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Tea Party most effective at bottom-up, leaderless level

Former Alabama Supreme Court Chief Justice Roy Moore works on his Tea Party Convention speech.
Former Alabama Supreme Court Chief Justice Roy Moore works on his Tea Party Convention speech.
AP Photo/Ed Reinke

So far, the National Tea Party Convention in Nashville looks like a major letdown. At least, that's how the mainstream media wants to paint it.

According to MSNBC anchor David Schuster, the event "is full of workshops, meetings, funny outfits and speeches."

On the surface, the convention does look like a recipe for disaster. Some 600 people showed up for the three-day confab, and the price ($549, not including meals and lodging) put off many of the average-Joe voters. There were shouts that one organization, Tea Party Nation, stood to make a tidy profit off voter anger, and Sarah Palin earned $100,000 to deliver a keynote address. Congresswoman Michelle Bachman (R-MN), one of the leading lights of the tea party movement, pulled out. Ditto with Marsha Blackburn (R-TN). The Liberty Alliance felt cut out of the action.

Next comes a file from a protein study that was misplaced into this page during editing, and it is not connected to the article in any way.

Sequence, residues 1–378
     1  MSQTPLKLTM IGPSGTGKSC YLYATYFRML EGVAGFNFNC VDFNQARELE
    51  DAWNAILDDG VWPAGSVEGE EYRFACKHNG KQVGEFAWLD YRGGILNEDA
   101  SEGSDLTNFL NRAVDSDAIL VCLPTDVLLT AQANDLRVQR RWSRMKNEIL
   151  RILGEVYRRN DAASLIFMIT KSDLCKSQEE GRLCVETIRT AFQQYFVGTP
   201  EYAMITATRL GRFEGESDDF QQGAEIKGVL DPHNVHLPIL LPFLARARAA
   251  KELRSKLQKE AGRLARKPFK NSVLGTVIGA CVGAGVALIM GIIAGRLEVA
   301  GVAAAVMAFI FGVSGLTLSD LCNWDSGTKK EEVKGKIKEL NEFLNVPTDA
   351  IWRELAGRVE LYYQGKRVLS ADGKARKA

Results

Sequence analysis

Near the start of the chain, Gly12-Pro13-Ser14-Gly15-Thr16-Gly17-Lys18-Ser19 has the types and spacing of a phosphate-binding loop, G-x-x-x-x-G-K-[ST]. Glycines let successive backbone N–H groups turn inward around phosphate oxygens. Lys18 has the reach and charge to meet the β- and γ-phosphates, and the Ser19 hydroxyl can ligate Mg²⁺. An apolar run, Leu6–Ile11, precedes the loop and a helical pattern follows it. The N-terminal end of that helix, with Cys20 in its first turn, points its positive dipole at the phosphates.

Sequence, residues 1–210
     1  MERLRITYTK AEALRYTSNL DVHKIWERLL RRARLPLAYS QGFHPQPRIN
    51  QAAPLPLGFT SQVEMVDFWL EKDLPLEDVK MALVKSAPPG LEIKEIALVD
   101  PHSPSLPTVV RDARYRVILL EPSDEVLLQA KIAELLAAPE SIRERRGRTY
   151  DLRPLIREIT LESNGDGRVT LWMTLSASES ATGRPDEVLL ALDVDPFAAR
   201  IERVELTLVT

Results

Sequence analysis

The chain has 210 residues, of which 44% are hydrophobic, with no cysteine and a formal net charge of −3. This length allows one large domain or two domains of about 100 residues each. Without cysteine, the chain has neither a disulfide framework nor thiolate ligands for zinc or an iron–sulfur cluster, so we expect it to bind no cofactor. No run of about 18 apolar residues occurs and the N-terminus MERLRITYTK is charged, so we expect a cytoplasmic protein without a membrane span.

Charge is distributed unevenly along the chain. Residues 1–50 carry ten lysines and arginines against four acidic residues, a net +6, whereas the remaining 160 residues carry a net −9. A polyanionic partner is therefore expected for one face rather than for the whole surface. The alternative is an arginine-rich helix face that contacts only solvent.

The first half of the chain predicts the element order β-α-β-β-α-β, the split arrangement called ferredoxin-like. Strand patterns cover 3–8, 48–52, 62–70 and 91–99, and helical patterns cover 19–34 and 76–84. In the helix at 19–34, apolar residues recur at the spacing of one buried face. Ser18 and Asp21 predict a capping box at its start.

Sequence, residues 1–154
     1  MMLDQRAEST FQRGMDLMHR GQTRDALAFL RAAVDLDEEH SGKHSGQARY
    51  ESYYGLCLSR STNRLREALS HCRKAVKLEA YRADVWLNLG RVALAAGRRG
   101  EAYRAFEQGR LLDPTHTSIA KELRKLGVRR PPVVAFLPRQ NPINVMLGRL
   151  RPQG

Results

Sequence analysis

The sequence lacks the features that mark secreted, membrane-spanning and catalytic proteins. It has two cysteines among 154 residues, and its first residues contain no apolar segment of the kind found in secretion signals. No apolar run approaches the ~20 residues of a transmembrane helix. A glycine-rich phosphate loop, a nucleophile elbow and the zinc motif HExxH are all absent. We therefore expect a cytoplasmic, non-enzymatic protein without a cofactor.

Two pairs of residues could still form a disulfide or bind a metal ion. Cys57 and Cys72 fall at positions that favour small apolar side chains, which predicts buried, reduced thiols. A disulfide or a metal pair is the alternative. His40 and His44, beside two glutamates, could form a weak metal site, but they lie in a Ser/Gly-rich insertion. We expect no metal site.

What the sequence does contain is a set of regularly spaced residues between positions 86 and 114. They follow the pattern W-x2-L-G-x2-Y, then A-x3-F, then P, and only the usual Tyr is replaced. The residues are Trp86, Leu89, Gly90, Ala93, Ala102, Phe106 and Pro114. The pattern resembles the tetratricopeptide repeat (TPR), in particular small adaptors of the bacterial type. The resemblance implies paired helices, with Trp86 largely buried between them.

Meanwhile, the Republican Party, searching for new life after its poor 2008 showing, appears hungry to tap some of the energy generated by the anti-big-government tea partiers and to get in the front of the parade.

Which sounds good, but most of the Tea Party movement's effectiveness lies in its grassroots appeal. It's a true bottom-up effort, and it's not really an organization. This leaderless aspect makes the movement prone to rookie mistakes, but more than makes up for that in sheer energy. It's strength in numbers in its purest form.

Efforts to "lead" this non-organization, to make it a top-down effort, to populate it with established insiders -- OK, use the word that immediately comes to mind, to co-opt it -- may create the illusion of viability, but will do little more than dilute that strong tea.

But then, that's exactly what the Washington insiders and established political leaders want. 

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